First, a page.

The letter will find a new home at the University of Houston
Earlier this year, The Raab Collection offered for sale a newly discovered, unpublished George Washington letter. Found in a small private collection in rural West Virginia, the 1787 letter was addressed to Israel Shreve (1739-1799), a retired colonel who had served with him at Valley Forge.
Shreve had expressed interest in buying some land in western Pennsylvania from Washington, and since Washington was strapped for funds at the time, he was eager to sell. “The land you mention is for sale, & I wish it was convenient for me to accommodate you with it for military certificates; but to raise money is the only inducement I have to sell it,” Washington wrote.
The letter received international media attention, which is how some descendants of Col. Shreve came to hear of it. (They have graciously agreed to let us share this story here.) As one descendant recalled, her great-niece had read one of the articles online and texted her a link with the note, “I thought you’d like this.” When she read the article a few hours later, she was “blown away” and contacted The Raab Collection.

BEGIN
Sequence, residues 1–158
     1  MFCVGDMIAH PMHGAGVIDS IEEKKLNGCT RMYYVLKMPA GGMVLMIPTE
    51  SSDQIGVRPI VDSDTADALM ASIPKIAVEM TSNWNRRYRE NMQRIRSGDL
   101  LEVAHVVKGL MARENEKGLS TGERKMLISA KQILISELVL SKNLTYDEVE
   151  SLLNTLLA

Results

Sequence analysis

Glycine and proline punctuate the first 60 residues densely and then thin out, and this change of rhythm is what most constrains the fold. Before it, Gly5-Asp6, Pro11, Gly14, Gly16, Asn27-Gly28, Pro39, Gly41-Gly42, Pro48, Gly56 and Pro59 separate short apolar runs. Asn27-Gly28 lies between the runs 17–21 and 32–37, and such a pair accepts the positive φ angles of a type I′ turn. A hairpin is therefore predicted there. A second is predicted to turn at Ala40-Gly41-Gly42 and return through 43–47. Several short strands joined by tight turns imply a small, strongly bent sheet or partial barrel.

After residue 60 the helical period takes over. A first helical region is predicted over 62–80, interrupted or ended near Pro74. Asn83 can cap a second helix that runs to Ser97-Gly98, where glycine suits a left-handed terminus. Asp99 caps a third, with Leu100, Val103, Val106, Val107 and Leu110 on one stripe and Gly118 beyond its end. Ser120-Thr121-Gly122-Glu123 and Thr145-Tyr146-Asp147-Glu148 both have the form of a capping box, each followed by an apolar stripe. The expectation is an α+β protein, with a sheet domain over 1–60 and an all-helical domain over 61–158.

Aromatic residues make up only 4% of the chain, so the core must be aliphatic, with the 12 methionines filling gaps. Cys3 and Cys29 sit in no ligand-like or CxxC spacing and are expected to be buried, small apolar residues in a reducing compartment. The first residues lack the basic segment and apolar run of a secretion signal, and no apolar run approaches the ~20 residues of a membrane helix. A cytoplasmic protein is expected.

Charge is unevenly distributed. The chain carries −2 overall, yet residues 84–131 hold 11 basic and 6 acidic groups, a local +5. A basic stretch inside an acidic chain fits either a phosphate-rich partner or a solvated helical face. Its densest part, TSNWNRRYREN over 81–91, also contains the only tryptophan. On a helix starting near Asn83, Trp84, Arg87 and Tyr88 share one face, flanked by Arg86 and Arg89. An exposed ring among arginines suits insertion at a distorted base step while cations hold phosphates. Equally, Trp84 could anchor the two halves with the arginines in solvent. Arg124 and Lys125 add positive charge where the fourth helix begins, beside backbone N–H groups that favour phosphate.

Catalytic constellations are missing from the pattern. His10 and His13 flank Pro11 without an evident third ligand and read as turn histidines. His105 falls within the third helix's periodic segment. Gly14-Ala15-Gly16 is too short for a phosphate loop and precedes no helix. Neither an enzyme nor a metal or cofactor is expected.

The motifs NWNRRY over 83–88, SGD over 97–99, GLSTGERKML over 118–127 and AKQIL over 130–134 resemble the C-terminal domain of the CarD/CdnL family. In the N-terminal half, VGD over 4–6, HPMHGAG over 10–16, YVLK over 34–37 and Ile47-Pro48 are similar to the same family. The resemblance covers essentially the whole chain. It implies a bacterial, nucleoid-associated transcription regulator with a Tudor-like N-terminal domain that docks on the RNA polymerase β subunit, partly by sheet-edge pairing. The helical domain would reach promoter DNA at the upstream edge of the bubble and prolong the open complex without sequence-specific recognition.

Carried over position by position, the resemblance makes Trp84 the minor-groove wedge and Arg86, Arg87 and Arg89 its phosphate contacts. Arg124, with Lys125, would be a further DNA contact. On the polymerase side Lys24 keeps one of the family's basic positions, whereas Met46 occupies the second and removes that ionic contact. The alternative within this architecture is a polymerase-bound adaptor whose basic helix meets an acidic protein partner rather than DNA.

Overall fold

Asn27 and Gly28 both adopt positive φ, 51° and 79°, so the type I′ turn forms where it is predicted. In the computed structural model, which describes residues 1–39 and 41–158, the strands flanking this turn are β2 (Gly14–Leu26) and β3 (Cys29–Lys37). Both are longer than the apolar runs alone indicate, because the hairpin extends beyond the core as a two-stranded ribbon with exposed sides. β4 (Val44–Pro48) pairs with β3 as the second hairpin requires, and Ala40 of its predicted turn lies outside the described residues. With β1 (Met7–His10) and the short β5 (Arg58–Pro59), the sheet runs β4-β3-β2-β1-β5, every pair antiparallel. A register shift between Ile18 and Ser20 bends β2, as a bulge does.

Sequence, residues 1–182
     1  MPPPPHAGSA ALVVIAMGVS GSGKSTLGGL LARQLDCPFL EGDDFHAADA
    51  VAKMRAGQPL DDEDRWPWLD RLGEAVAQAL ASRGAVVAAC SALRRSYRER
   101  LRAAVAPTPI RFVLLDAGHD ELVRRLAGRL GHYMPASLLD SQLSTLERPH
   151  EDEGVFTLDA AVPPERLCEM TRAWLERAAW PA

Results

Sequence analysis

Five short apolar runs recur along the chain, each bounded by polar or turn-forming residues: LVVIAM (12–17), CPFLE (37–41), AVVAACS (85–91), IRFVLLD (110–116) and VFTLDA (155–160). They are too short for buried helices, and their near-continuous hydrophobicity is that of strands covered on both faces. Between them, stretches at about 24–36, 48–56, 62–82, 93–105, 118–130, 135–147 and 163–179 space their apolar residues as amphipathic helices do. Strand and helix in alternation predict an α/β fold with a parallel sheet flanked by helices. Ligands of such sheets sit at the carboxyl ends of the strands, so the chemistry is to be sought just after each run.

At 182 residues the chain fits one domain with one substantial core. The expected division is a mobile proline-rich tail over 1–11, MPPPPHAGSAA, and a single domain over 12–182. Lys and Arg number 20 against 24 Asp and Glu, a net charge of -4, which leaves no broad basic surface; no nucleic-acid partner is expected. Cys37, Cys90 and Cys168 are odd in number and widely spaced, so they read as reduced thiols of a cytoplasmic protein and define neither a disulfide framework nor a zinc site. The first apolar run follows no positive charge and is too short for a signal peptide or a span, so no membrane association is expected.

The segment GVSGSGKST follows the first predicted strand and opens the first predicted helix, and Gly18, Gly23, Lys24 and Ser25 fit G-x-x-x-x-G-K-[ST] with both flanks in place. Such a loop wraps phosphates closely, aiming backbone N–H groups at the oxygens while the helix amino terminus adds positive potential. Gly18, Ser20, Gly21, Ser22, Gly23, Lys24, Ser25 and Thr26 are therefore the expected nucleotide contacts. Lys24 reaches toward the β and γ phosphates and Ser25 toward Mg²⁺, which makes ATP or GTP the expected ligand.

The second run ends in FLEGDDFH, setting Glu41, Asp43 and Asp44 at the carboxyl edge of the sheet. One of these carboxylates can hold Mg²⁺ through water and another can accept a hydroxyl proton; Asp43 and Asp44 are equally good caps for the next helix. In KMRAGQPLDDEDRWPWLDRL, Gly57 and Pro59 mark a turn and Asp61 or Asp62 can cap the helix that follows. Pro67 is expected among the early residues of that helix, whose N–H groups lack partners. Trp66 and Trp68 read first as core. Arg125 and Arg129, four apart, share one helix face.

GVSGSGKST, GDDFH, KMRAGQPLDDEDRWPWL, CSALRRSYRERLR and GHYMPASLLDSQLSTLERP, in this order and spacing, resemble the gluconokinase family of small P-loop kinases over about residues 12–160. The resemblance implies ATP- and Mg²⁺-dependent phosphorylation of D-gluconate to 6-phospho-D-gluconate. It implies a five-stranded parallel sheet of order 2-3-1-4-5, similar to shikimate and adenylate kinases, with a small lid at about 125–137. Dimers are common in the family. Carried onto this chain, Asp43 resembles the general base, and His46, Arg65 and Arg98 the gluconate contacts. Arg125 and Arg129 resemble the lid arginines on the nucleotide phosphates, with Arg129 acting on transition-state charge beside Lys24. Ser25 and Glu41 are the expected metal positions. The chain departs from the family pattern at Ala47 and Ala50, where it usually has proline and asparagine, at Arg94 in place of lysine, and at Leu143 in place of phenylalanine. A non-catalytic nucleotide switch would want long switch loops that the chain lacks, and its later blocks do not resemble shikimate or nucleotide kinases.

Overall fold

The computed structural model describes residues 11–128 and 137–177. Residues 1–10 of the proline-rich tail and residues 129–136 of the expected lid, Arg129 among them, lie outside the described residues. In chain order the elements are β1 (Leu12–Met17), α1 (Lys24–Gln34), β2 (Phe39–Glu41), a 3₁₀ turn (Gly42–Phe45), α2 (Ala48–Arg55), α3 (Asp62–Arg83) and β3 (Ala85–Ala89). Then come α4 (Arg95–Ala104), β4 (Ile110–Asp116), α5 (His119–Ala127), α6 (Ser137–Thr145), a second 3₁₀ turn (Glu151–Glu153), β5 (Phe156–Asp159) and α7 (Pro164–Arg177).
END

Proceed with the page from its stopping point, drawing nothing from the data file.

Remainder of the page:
“We were very excited about this letter, that it came out of the blue,” she told us.
She purchased the letter and intends to donate it to the University of Houston, which holds a large collection of Shreve’s Revolutionary War-era correspondence, including letters from Washington, Alexander Hamilton, and others. In the 1960s, the Shreve heirs donated a selection of papers that had long been safeguarded by the family. Those papers went on exhibit and are memorialized in a printed exhibition catalog.
In keeping with her family’s legacy of charitable giving, the buyer said she felt glad that she could act as a “conduit” and add this letter to that collection. “Part of the joy of this story is that a descendant was able to buy it. I am so grateful. I am thrilled to have this letter, and I know U of H is going to be thrilled to have this letter.”
Incidentally, she has also enjoyed showing the historical document to her extended family and friends. “It gave them the chance to see something that, I mean, we all know George Washington, and it is something special.”